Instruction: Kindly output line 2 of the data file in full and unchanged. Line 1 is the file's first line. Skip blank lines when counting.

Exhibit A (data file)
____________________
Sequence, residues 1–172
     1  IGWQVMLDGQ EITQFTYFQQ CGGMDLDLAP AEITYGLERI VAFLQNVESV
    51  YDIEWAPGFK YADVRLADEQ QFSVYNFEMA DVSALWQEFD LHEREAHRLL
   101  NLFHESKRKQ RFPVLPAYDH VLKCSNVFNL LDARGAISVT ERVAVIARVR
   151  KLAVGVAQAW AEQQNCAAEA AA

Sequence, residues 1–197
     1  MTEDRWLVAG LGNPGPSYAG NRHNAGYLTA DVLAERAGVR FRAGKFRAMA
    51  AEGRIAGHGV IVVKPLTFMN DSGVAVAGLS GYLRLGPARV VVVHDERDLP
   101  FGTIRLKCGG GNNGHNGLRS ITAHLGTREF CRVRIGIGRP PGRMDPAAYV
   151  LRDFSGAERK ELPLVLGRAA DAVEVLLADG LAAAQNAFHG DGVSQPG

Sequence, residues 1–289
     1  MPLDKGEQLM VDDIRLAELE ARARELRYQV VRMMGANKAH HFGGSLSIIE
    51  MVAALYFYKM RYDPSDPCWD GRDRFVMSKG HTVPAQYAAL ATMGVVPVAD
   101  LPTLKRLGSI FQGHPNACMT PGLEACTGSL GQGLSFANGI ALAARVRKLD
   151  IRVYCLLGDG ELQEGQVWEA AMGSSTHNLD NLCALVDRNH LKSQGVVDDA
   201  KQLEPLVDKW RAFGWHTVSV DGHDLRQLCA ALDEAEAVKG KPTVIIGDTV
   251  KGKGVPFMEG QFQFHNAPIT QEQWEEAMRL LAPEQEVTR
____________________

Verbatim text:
     1  IGWQVMLDGQ EITQFTYFQQ CGGMDLDLAP AEITYGLERI VAFLQNVESV